The European Commission has announced plans for climate and energy policy to include a flagship binding target to reduce carbon emissions by 40% from 1990 levels.
Renewables will need to provide 27% of EU energy by 2030, but while the target will be binding at EU level there will be no mandatory targets for member states.
The Scottish Government welcomed the European Commission decision to introduce binding targets for 2030 for greenhouse gas emissions reduction and renewables as a ‘step in the right direction’.
Commenting on the EU 2030 framework for climate and energy, Scottish Energy Minister Fergus Ewing said: “I welcome the 40% greenhouse gas target to maintain EU lead on climate ambition and to help encourage other major emitters to offer similar contributions to achieve a global climate agreement in 2015.
“This will give certainty to industry and unlock major new technology development in Scotland and across the EU.
“Scotland wants to see renewables target that are as ambitious as possible to deliver maximum economic benefit and without adding to the cost burden for consumers. As Scotland is the renewable powerhouse of Europe, ambitious targets can help to unlock the potential of the industry and create jobs far into the future.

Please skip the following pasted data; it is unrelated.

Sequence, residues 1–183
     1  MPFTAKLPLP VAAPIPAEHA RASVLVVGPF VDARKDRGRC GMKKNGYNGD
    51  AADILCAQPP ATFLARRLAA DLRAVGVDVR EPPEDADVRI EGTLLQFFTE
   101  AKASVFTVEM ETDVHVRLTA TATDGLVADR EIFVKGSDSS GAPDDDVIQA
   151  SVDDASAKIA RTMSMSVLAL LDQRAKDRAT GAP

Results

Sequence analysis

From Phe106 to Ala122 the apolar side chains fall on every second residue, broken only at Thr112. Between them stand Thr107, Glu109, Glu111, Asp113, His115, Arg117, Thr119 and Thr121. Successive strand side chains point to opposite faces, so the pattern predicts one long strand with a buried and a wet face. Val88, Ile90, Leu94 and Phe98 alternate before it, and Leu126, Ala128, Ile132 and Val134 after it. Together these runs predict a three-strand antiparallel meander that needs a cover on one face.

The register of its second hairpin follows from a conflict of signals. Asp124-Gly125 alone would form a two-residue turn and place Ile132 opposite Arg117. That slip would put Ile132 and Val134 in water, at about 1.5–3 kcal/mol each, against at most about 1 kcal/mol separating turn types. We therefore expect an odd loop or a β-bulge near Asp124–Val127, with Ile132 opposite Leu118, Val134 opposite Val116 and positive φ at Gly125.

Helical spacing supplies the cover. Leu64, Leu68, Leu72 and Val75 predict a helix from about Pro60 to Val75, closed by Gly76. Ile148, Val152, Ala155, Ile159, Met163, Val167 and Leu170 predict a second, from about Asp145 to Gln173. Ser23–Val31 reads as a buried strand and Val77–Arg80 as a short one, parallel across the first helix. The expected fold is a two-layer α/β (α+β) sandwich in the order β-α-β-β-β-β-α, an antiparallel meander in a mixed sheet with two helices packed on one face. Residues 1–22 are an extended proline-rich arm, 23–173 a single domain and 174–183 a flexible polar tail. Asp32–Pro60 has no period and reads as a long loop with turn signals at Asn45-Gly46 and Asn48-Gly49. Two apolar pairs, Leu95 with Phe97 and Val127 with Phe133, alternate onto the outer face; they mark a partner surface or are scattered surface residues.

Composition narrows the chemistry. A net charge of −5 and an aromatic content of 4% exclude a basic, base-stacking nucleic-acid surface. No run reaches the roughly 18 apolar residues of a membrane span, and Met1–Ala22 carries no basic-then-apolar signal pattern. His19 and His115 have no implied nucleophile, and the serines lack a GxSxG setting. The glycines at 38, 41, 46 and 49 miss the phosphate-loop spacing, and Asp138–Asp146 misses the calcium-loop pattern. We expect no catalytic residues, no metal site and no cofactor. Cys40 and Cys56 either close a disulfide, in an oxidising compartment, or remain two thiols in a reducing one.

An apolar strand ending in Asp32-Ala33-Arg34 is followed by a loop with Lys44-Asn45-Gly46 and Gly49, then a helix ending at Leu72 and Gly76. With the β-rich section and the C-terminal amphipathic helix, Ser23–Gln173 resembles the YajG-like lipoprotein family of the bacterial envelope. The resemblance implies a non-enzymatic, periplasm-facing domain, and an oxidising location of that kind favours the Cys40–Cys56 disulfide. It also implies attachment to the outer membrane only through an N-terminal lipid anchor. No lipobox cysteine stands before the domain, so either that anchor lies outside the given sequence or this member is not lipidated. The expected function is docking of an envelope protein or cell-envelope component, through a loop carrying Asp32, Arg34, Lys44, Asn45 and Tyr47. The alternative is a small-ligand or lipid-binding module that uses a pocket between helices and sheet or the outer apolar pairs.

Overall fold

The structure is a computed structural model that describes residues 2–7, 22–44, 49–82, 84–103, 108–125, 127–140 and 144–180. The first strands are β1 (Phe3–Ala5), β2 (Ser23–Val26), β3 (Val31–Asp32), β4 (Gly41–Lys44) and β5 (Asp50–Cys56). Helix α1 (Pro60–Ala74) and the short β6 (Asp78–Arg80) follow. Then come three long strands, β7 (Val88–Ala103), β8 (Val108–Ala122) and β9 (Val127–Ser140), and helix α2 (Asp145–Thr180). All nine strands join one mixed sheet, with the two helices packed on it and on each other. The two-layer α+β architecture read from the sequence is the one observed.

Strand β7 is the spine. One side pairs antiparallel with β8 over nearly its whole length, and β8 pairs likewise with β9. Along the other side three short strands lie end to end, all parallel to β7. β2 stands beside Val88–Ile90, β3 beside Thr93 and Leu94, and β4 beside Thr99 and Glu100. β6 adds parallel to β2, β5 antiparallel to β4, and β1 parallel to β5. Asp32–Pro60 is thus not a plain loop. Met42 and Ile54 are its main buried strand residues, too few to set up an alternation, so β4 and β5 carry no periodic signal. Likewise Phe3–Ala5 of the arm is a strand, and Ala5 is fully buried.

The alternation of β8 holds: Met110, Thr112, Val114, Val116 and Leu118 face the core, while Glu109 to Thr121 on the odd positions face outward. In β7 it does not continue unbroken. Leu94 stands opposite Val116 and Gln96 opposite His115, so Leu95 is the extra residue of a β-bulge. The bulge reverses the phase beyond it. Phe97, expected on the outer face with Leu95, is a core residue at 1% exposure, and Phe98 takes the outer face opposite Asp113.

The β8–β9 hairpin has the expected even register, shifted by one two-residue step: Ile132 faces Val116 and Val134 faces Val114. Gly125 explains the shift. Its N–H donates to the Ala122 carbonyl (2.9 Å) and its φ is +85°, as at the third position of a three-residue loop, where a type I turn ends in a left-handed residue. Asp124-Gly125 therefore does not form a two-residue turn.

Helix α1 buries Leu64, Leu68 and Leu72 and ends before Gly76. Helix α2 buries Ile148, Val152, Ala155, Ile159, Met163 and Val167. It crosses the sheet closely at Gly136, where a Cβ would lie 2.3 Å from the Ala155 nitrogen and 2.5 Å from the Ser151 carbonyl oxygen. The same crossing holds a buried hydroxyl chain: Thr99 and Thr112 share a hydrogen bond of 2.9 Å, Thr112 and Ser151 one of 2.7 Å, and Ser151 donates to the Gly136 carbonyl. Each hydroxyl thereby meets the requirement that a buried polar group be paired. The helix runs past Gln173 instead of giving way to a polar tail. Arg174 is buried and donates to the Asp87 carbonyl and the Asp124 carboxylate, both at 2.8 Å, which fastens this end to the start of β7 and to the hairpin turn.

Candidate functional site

“Scotland currently hosts 25% of Europe’s offshore wind resources but only with a 2030 EU renewable target can we give the sector and consumers further certainty.”
Prof Roger Kemp, Fellow of the Institution of Engineering and Technology (IET), commented: “While we already have our own UK carbon reduction and renewables targets, for 2020 and 2050, the new EU targets are useful as they put a peg in the ground for what we want to achieve in the interim between the two UK target dates.
“This should help us and other EU nations to justify investing money in carbon reduction measures and technologies.
“For the UK, the proposed EU 40% reduction in carbon emissions and 27% increase in renewables is a big challenge.
“The lowest cost, but not always the easiest, carbon savings come from avoiding energy use and using energy more efficiently. This change will rebalance policy more in this direction.”
Reacting to the announcement of European targets for climate change and energy Dr Richard Dixon, Director, Friends of the Earth Scotland, said: “On climate change, Europe is aiming to achieve less by 2030 than Scotland plans for 2020. A 40% target is far short of what is needed to ensure the world avoids disastrous climate change. The EU has set a weak renewable energy target that is not even binding on countries.
“Scotland is on track to meet all our needs from renewable energy by 2020 and to export power made from our huge natural resources of wind, wave and tidal energy. Weak targets in Europe will mean slow development of the green energy market, but Scotland can and must continue to be a pioneer of renewable energy technologies.”